If you look at the benefits of combining stocks and bonds, you see that you don’t get quite as high a return as US stocks did – so 8.5% versus 9.9% – but you also reduce your volatility from US stock levels of 19% all the way down to 12%. Your Sharpe ratio, which we often talk about which is a measure of risk-adjusted return… most asset classes have Sharpe ratios over time around 0.2 to 0.3. Over this period, US stocks had a 0.34 Sharpe ratio. Bonds had a 0.27. Then, the 60/40 portfolio gets you up to 0.43. It’s an improvement in risk-adjusted returns but the biggest problem in 60/40 and what a lot of people talk about with risk parity is that most of the risk, the true risk, is in the stock allocation. While stocks are only 60% of the total, in actuality, they have about 90% of the risk because their volatility dwarfs bonds. You still end up with a 60% loss in that portfolio at one point. If you look globally, there’s not a 60/40 portfolio anywhere in the world that we’ve researched that has less than a 60% loss at some point due to the large losses, mostly in stocks.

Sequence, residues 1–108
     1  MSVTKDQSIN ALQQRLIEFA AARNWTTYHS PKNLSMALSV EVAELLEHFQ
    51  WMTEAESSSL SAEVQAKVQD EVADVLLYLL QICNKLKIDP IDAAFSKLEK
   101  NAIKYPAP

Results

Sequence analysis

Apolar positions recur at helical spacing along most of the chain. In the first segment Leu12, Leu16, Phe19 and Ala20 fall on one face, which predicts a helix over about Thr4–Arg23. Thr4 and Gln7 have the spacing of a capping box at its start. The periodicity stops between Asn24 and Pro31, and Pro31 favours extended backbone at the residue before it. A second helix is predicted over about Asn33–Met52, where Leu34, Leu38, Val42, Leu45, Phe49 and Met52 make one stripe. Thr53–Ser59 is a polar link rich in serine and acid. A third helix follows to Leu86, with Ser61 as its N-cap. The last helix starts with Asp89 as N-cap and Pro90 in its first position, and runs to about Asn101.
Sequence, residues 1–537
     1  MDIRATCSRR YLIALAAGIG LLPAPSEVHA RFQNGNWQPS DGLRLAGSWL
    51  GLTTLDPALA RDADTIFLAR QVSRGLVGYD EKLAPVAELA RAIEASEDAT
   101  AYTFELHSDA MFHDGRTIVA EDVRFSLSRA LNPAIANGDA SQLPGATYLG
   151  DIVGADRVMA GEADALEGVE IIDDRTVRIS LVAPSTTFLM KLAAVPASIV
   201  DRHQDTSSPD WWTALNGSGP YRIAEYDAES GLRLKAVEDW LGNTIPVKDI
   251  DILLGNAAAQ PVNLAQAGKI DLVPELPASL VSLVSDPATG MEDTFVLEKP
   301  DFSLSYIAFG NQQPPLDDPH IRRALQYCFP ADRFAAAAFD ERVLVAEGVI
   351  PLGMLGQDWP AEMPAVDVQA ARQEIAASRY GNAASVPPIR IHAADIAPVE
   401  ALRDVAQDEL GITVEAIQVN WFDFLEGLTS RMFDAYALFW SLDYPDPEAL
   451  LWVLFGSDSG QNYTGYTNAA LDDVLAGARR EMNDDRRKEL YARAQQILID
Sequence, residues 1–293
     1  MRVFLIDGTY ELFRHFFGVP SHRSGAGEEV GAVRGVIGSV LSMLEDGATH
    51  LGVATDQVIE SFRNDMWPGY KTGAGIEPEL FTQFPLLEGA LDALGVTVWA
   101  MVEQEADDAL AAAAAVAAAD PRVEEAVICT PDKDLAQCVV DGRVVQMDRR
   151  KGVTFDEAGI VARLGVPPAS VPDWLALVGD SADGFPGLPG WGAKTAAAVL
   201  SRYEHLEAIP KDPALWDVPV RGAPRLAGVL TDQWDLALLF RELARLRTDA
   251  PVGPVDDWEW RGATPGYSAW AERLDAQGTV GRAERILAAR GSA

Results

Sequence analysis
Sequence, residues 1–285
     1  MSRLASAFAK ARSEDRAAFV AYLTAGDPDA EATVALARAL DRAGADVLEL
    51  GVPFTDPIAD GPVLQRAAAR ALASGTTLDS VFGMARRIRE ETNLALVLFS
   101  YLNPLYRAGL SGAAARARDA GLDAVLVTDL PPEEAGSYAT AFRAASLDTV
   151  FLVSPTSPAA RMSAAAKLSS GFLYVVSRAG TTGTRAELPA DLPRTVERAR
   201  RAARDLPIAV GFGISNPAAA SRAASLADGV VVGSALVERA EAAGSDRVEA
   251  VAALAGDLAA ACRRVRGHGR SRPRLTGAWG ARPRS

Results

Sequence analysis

With only two assets in a 60/40 portfolio, your portfolio’s future returns are especially sensitive to each asset starting valuation. In other words, the price you pay influences your rate of return. Pay a below-average price and you can reasonably expect an above-average turn and vice versa. We talk about more about valuations for stocks and other asset classes in my book, Global Value, but what do evaluations today say about 60/40? US stocks are priced at a premium valuation right now. If you talk about Shiller CAPE ratio but also other valuation metrics, they say that stocks are overvalued. They don’t say they’re in a bubble but they say that they are expensive. Shiller CAPEs is a value of around 25. This means I expect returns to remain low. Let’s call it 4% or 5% a year which is much lower than historical, say, 8%, 9%, 10% returns and stocks. Bond returns are easy to forecast and if held to maturity, bonds should return about 1.5% which is their current yield. Many institutions agree with our analysis and a recent report by AQR pegged the forward-looking real return of US 60/40 portfolio at the lowest level they’ve seen in over 100 years. Note that these anemic returns fall woefully shy of the 8% return most pension fund and investors expect. Given this, it is clear that while the US 60/40 is a good starting point, it’s hardly where we want to end up. So, what’s the next step?